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Managing Sleep Anxiety: Your guide to a good night’s rest

19 March, 2019
Sleep anxiety

Sleep anxiety in Australia

Sleep anxiety can do more than ruin your morning or make a third coffee an inevitability – it can have severe consequences on your health and wellbeing.

Sleeping problems in Australia are common, affecting between 33-45% of adults in all age sectors, directly costing the healthcare system upwards of $800 million and indirectly costing $4.3 billion in lost productivity, absenteeism, and expenses surrounding car accidents. At the milder end of the consequence spectrum, 17% of people have missed work due to sleeping issues and 17% have actively fallen asleep on the job. The more serious end of this spectrum is shocking, with 29% of people reporting to have driven while drowsy, 20% having fallen asleep while driving, and 5% being involved in accidents after falling asleep at the wheel.

The costs of an improper night’s rest – both personal and financial – are high. Here’s what you need to know to ensure a good night’s rest.

Exercise helps sleep

Exercise promotes sleep in two ways – firstly, it’s tiring. The combination of ‘damaged’ muscles and resource consumption means that your body needs to rest to recover, encouraging drowsiness and eventual sleep. Secondly, exercise has been shown to help manage anxiety and depression.

Keep in mind that after exercise primes your body for action, and it takes a while for all the physiological changes that exercise brings to subside. Try to finish your exercise at least an hour before you go to bed.

Obesity is linked to poorer sleep

Those with obesity report sleeping longer hours, but the quality of this rest is less than the non-obese. Whether obesity is the symptom of a different problem, like depression, anxiety or living circumstances, addressing obesity can have a beneficial overall effect.

Making small changes to diet, like swapping processed foods for fruit and veges, and getting in half an hour to an hour of intense exercise per day, can help address obesity and any other factors that might be related.

Caffeine can affect sleep

Your coffee feels great in the morning for the same reason that it can stop you sleeping at night – the sharp adrenaline rush of anxiety. Caffeine blocks the neurotransmitters that tell your brain it’s tired, causing the release of endorphins and adrenaline.

Watching what you drink and eat before rest can be beneficial in getting a good night’s sleep. Things like coffee, tea and chocolate contain caffeine, so try to consume these at least four hours before going to bed.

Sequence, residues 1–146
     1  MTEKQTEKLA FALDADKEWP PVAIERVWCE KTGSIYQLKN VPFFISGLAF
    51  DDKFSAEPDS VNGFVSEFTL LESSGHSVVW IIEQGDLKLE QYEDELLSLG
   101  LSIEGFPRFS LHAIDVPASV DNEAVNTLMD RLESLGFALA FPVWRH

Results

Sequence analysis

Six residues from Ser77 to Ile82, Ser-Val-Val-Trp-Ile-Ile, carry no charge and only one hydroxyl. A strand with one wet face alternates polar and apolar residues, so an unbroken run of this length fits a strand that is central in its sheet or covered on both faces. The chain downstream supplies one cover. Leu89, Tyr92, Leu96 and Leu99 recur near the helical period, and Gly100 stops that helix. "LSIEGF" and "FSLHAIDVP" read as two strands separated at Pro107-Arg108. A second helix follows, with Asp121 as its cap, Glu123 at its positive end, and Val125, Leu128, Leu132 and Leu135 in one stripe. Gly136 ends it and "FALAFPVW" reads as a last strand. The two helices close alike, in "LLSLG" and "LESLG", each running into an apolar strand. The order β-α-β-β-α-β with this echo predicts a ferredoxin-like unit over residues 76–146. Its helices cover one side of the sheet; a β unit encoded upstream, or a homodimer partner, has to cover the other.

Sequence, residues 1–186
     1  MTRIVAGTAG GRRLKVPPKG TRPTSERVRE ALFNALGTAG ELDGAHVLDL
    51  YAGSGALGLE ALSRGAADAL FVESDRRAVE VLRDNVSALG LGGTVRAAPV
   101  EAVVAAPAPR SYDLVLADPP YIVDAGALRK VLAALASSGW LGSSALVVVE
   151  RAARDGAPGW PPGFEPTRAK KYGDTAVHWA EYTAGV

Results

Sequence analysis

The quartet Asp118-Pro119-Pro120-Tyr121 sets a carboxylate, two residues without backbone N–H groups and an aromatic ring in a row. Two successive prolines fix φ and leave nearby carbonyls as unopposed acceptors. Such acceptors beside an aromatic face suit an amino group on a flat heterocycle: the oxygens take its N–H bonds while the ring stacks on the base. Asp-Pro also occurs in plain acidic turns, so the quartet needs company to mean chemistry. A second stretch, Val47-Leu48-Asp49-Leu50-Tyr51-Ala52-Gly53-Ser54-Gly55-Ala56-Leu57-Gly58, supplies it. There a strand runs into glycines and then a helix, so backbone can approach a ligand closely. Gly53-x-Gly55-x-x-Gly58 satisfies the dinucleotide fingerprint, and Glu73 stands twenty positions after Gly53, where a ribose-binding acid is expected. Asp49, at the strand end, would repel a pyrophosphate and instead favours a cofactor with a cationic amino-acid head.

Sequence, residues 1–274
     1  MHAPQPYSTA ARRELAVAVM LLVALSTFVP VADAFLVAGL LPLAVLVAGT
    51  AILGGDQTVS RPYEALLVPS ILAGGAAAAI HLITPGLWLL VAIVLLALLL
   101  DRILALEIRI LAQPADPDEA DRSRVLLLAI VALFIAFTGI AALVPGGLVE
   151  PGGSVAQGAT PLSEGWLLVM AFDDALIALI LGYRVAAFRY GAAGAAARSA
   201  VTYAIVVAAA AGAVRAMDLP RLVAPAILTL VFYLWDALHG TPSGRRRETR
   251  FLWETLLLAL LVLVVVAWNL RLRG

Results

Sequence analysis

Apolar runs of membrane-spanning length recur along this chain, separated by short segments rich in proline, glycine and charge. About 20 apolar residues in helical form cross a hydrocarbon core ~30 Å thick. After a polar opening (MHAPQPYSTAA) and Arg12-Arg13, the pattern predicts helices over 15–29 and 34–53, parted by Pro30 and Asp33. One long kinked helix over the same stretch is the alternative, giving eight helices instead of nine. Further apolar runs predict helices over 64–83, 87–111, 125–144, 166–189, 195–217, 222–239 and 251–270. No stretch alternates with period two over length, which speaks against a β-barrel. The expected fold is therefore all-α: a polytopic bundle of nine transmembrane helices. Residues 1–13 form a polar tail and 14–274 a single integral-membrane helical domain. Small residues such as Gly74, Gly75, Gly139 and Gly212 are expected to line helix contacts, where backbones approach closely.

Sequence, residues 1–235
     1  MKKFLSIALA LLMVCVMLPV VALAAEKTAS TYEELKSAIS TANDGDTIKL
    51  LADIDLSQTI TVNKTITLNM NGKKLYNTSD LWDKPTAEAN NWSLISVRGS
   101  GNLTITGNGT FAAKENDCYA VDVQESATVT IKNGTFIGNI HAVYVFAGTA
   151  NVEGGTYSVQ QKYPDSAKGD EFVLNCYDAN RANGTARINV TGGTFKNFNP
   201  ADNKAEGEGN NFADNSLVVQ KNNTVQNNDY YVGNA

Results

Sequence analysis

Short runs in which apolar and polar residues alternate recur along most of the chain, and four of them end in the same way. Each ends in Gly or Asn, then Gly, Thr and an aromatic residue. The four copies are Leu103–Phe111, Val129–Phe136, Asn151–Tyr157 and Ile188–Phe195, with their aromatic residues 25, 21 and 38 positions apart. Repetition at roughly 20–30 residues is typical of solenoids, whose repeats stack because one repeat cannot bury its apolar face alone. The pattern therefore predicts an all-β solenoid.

Associate your bed with sleeping

If your room doubles as your recreational space, you might want to think about getting more use out of your living room. Your body and mind adjust to your environment, meaning that your brain might see your bed as the place to watch tv, play games or look at your phone. The closer the association between bed and sleep, the more likely you'll be able to nod off when you hit the covers.

Scheduled sleep and relaxation

Having a bedtime ritual can be extremely beneficial. It might involve a comforting drink and a book, or meditation, or a stretch – whatever it is, getting yourself into a routine can inform your body that ‘this is the time for sleep’.

You also might like to try:

  • Relaxing music
  • Natural sounds, like fire, rain, or wind
  • Practicing mindfulness
  • A daily journal

Talk to a professional

If your sleeping problems are having fundamentally negative consequences on your day to day living, it’s important to speak to a mental health professional. They can suggest strategies, methods, or medication depending on your needs.

Sources:

ADAA – Sleep Disorders

NCBI – Caffeine, mental health, and psychiatric disorders

Sleep and mental health – Harvard Health

Sleep Health Foundation – Anxiety and Sleep

Sleep Health Foundation – Depression and Sleep

Sleep Health Foundation – Good Sleep Habits

Sleep Health Foundation – Reawakening Australia

Sleep Health Foundation - Survey

 

If you need support, please call Lifeline on 13 11 14 or visit www.lifeline.org.au/gethelp or call the Beyond Blue Support Service on 1300 224 636 or visit www.beyondblue.org.au/about-us/contact-us

If you’re a CBHS member with hospital cover or packaged product, you maybe eligible for our Mental Health Program. For more information on the program, contact CBHS’ Health and Wellness team on 02 9685 7567 or email at wellness@cbhs.com.au.

 All information contained in this article is intended for general information purposes only. The information provided should not be relied upon as medical advice and does not supersede or replace a consultation with a suitably qualified medical practitioner. CBHS endeavours to provide independent and complete information, and content may include information regarding services, products and procedures not covered by CBHS Health Cover policies. For full terms, click here.

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